A while ago on another blog site, I was posting back and forth in a forum discussing the importance of Amy Winehouse’s death in relation to U.S. soldiers dying overseas and it really got me thinking about a few things that trouble me as an American. I’m posting this now because the same issues have again surfaced with the “tragic” death of Whitney Houston.
It was troubling to me that people, including myself, were arguing about which person’s death was more important. That’s just sadistic when you break it down. Millions of people loved Winehouse and Whitney Houston, millions of people love the U.S. troops. Is one human life more important than another? The answer should be no. Death is tragic and death affects everyone on this planet in one way or another.
The American Celebrity
TMZ, E-Entertainment, Dancing With the Stars, MTV are just a few terrible examples of where America has stationed its priorities. Millions of people every day watch these shows, go to their websites and generate insanely large amounts of revenue for these entities. All because millions of Americans are obsessed with celebrity and obsessed with wanting to become a celebrity. Americans are obsessed with having to know every time a celebrity snorts drugs, gets a DUI, has an affair or drops their knickers in public.
Winehouse was not a celebrity because of her music talent; she was a celebrity because of her drug/alcohol use and her stints in rehab. She was a talented musician who produced only two albums. Sure, it’s sad that she died, but no sadder than any other person who lost their life that day.
Professionally, Houston accomplished much more, but will now forever be remembered as the sweaty coke head that married Bobby Brown. But don’t blame Bobby, Houston snorted the coke too.
We are a society that is constantly rubbernecking to see the bloody car wreck on the side of the road, the dirty laundry of someone in the news and the improprieties of those in the media. American society would rather watch a Kardashian family barbecue than read a book. Winehouse and Houston were just bad car wrecks who bled for us to see.
The U.S. Military & Patriotism
The U.S. is a hegemonic nation; we have a dominant influence or authority over others. But I think that dominance may be shifting somewhat in today’s culture. In a global economy where the U.S. was once dominant, we are slowly being reeled in by other countries. The global perception of the U.S. as a great nation is being questioned globally more than it ever has.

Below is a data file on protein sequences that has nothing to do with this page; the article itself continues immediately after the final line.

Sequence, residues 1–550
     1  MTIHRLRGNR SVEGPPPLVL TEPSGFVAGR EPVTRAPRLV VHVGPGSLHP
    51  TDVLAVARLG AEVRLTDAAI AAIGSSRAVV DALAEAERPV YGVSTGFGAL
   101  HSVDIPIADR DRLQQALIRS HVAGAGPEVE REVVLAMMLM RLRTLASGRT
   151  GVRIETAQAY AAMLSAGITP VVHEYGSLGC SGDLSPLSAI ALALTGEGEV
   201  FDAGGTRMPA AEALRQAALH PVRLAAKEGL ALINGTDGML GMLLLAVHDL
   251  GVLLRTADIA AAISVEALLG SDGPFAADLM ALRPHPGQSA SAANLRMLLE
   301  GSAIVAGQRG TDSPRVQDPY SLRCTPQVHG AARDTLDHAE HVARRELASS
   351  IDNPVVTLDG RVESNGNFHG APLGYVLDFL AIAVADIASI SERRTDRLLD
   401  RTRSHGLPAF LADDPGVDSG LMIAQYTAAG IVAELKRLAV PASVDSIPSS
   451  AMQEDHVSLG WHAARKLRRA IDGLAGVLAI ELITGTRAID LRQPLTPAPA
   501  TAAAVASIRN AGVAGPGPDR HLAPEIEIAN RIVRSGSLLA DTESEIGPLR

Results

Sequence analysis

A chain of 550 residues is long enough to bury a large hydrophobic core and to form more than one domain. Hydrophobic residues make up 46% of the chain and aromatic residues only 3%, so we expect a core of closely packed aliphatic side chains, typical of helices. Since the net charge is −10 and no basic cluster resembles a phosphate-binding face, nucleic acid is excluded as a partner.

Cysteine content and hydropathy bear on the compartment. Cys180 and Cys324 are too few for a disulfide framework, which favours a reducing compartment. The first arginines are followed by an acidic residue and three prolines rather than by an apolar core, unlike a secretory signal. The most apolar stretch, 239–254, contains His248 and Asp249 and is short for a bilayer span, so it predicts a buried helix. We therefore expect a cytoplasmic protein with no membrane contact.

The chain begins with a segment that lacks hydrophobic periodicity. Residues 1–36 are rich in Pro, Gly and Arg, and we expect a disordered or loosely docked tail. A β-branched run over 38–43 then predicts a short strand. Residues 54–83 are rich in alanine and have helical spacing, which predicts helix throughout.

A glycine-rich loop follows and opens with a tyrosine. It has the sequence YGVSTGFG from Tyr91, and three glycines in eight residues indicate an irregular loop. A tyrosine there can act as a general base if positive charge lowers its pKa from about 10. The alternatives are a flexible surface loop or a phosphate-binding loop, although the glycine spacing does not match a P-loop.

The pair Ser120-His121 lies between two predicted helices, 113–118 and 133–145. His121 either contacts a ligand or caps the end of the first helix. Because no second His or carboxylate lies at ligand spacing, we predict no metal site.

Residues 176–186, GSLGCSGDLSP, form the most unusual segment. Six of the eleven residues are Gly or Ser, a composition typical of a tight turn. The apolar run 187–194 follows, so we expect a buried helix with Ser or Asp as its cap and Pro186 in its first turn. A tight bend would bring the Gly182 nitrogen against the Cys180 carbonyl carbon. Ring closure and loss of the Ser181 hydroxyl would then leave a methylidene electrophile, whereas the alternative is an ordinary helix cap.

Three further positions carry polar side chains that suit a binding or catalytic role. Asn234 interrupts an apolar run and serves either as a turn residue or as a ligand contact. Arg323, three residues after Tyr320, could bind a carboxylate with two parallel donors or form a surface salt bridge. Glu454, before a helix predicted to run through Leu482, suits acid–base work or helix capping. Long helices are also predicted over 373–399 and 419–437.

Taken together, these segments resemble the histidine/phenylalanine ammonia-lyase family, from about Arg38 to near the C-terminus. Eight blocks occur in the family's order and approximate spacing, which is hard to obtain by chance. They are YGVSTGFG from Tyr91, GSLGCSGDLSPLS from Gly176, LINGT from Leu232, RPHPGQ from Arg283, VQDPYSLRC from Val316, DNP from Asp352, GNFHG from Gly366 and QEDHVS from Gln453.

Everyone remembers the atrocity of 9-11 and what that did to our country’s psyche.When it initially happened, I was one of the first people to jump up and say, “Kill all those towelheads, bomb them to hell.” Sadly, it took me a while to realize that my knee-jerk reaction was ill-informed and totally unnecessary.
The politicians and the media ran with the terrorist attacks and poured gasoline on the fire. Millions of people were ready for the U.S. to nuke everyone responsible. Did anyone ever stop to think that the people who perpetrated that attack were only a small, fundamentalist population of a much larger, population of innocent people?
I am extremely thankful for the troops that have defended my freedoms throughout the years. But now, our freedom is not in danger like it was in the first World Wars. It saddens me that 18 year-old children enlist in the military with no true understanding of what they are doing. Where is their guidance? Don’t they realize that they are putting their lives in the hands of a very small group of politicians who will essentially decide whether they live or die?
That should terrify every parent, I know it terrifies me. It is noble to want to defend and protect our country. But it is even more noble to understand that our politicians do not have our best interests at heart.
Please explain to me what benefit we as Americans experienced from fighting in Iraq and Afghanistan? Did any of you really think that those countries had the abilities to destroy America? Really?
Do you really feel better that Iraqis are now free? Really? Misguided patriotism is a very dangerous thing.
We are Americans; we are bigger, stronger and better than anyone else. As Toby Keith once said in one of his songs, “And you’ll be sorry that you messed with the U.S. of A. ‘Cause we’ll put a boot in your ass, it’s the American way.”
Maybe we should take our boots off and put on some sandals. Maybe we should bring our troops home and start focusing on our internal problems. Maybe we should worry about our current border issues, our declining education system, our homeless and hungry instead of spending billions of dollars stomping around overseas to exert our dominance.
I am proud to be an American, but I’m not proud of where America is heading. I’m looking over the horizon and I see China smiling while our children are still trying to figure out where China is. Hmmm…….. the future will be interesting.
“America is the most grandiose experiment the world has seen, but I am afraid, it is not going to be a success.” Sigmund Freud